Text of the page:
Apr 14, 2020 rated it liked it
Shelves: non-fiction
I found this book at times riveting and personal (in that the author shares some private moments that completely captivate the reader), and at other times distancing and more like a historical text (neither of those are bad things). It balances this place of analysis and memoir unlike most non-fiction I read which leans to either side but doesn't find that middle ground.

She reckons with her identity as an Asian American while exploring larger themes of unity, art, friendship, mental health and m
Sep 08, 2020 rated it liked it
In this collection of essays Cathy Park Hong examines her racial identity as an Asian, cis female, professional, atheist living in the United States. Immediately she's struck by how minor and non-urgent this feels. Compared to the deaths of George Floyd, Breonna Taylor and the shooting of Jacob Blake her specific griefs can feel small. She wrestles with this and the presumptuousness to think she could invoke any sort of Asian we.

These minor feelings in response to micro-aggressions are easily d
Feb 14, 2020 rated it really liked it

There was no reason for me to be depressed. But anytime I was happy, the fear of an awful catastrophe would follow, so I made myself feel awful to preempt the catastrophe from hitting.

For as long as I could remember, I have struggled to prove myself into existence.

In the popular imagination, Asian Americans inhabit a vague purgatorial status: not white enough nor black enough; distrusted by African Americans, ignored by whites, unless we're being used by whites to keep the black man down.
Excellent essay collection!! New (to me) perspective. Really enjoyed this!!

4.5 Stars

Read on kindle
Mar 22, 2020 rated it it was amazing
I read this book in 2 days! It's very compelling and accessible.

This is one of the most clear-eyed and insightful discussions about being Asian American and about race in America. (No, never a hyphen in "Asian American" when talking about the people! Hong doesn't use a hyphen either! The NYT "style" is wrong.)

She is straight-forward and vulnerable in equal measure. Hong conveys insights and analyses that are sharp and provocative. And it is extremely personal, unapologetically personal.

As import
I am obsessed with this book. This book is Mariah Carey singing “Why you so obsessed with me?” and I'm whoever that song is written about (rumor is it’s about Eminem). Minor Feelings is a thought-provoking, insightful, smart collection of essays that delve into Asian American history, identity and psychology. But rather than rehashing and reexamining the same stereotypes and issues or throwing up a trendy #RepresentationMatters, Cathy Park Hong gives us an honest examination and refreshing persp ...more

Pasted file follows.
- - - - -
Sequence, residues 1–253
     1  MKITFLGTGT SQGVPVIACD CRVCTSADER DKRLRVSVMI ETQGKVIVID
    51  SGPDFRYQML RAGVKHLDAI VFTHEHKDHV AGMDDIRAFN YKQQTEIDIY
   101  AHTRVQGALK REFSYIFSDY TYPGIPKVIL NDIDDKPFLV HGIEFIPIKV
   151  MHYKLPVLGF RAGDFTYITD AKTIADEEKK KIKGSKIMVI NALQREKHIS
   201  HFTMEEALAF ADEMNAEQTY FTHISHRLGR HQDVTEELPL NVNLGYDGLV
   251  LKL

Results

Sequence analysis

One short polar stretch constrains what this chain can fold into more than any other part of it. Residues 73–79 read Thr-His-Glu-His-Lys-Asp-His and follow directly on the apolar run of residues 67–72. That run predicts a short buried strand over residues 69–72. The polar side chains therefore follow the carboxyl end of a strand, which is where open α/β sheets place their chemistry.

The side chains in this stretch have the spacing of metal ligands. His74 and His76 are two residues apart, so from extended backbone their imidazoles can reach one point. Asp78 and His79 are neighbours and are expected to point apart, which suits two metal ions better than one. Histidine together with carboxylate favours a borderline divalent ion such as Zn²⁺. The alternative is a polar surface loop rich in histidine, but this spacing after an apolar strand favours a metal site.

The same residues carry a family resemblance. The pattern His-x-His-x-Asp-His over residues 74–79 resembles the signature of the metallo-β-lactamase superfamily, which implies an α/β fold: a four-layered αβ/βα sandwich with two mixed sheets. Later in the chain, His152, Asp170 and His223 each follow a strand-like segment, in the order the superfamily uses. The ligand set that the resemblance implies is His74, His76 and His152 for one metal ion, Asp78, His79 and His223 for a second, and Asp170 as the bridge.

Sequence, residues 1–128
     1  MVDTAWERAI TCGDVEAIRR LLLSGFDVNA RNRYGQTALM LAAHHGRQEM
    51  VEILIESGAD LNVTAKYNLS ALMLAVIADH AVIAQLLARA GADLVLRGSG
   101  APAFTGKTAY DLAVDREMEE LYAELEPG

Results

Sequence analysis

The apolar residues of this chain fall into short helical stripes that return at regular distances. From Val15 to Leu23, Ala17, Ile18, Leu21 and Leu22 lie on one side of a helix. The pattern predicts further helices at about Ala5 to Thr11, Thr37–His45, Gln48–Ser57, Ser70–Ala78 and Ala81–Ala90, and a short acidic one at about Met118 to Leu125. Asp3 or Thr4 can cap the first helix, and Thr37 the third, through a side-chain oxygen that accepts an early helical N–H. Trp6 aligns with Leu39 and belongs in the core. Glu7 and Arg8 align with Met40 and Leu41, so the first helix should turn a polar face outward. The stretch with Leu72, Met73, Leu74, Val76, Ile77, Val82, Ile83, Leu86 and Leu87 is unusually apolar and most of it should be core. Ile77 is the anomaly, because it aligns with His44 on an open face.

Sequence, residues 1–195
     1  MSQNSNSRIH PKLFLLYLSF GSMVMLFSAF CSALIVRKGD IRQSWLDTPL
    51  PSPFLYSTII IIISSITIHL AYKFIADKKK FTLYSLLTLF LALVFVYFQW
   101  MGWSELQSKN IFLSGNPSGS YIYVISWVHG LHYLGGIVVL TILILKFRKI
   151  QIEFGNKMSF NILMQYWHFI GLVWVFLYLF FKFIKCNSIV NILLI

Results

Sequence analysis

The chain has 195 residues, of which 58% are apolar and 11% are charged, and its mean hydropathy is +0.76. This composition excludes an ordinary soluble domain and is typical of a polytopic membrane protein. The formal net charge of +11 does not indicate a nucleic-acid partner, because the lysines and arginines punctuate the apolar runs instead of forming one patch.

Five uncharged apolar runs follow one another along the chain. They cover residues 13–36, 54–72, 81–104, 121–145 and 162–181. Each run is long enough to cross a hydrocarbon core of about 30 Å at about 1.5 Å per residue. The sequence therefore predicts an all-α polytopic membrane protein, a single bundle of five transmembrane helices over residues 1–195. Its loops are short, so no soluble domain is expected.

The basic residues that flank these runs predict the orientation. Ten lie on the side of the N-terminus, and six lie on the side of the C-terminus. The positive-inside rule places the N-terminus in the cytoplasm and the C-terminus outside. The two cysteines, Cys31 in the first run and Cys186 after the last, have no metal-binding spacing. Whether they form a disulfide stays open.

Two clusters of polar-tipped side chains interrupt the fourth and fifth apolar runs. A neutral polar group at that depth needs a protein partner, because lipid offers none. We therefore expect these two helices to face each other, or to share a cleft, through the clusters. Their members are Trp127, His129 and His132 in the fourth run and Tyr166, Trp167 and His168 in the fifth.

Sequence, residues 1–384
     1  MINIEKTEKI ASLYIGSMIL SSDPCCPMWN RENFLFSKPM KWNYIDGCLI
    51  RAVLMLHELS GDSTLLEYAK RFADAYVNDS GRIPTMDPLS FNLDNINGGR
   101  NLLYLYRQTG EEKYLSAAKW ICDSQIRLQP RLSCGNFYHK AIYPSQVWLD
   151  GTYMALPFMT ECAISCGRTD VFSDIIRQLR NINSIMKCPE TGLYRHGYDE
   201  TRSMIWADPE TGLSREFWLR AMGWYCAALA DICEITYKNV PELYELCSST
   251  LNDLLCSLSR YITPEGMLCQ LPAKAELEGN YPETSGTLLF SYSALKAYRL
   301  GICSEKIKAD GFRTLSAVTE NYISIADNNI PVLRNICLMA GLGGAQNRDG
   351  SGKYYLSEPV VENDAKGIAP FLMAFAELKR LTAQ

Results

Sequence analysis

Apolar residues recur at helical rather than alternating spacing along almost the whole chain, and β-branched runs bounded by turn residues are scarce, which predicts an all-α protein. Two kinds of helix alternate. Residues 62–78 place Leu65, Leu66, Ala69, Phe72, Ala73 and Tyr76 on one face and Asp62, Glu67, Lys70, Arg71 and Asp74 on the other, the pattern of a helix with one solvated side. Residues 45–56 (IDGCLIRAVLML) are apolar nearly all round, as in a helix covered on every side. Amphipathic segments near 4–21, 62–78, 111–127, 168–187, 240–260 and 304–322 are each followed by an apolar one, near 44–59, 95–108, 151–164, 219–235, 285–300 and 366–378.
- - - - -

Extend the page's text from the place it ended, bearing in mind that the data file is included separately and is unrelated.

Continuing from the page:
May 29, 2020 rated it liked it
There were a few essays in here that were really good, but most of them were pretty disjointed and over-written,
Sachi Argabright
Feb 08, 2020 rated it it was amazing
MINOR FEELINGS is an extremely honest and original collection of essays focused on the Asian American experience. By blending history and cultural criticism with stories from her own past, this book highlights the complexities of being Asian in America. Many don’t realize that the Asian American demographic is so wide, and many times the group is reduced to and/or misidentified as Chinese or Japanese. Even within groups such as Southeast Asian, South Asian, East Asian, and Pacific Islander there ...more
The blurb: "Asian Americans inhabit a purgatorial status: neither white enough nor black enough" is extremely bad and a good reflection of the book. ...more
May 03, 2020 rated it did not like it
this book is problematic in so many ways. it is a needless take down on brown people from a faux superior academic lens.

it is the typical antagonization of dark asians by a neoliberal east-asian who is striving desperately to uphold the model minority myth and her proximity to whiteness (while discussing the model minority myth, which is truly confounding.)

"But the status of our model minority can change. Currently, Indian Americans are one of the highest-earning groups among Asian Americans, b
Never Without a Book
Jan 29, 2020 rated it it was amazing
No words I put here today can express how amazing this book is. Minor Feelings: An Asian American Reckoning by Cathy Park Hong is just flipping BRILLIANT, yes, in all caps! As a minority working in corporate America, I felt like Asians were the “preferred minority”, Hong mentions this and what she says about the topic was like a light bulb turn on. Reading about Asian Americans suffrage of racism and discrimination, blew my mind and I was taken back on how much some of their pain reflects on tho ...more
Dec 05, 2020 rated it really liked it
Shelves: poc-author, favorites
Part cultural history, part memoir. Some of the essays hit me more than others but overall a worthwhile read

Watch me discuss it more here:
Jul 09, 2020 rated it it was amazing  ·  review of another edition
Shelves: favorites
I’ve spent my entire life grappling with my identity since arriving in the US from Taiwan at age 9. I was brought up to never forget my Chinese heritage and language, while simultaneously trying to assimilate into an American culture. I finally had a reckoning of my identity during college at UC Berkeley, and once again during this Trump-era rage against race. I am grateful to my Goodreads friend, Thomas, for recommending this phenomenal book to me, because it articulates so well my feelings of ...more
Esther Espeland
Aug 06, 2020 rated it it was amazing
Just terrific! The kind of book that I could tell I loved just ten pages in. A stellar example of how to write a book of essays: each balances history, personal memory, and cultural commentary. This was everything I wanted from The Souls of Yellow Folk by Wesley Yang but didn’t get. I found her essay on Theresa Hak Kyung Cha especially moving (cw for SA). Obviously I was tickled by her scathing review of Oberlin campus culture.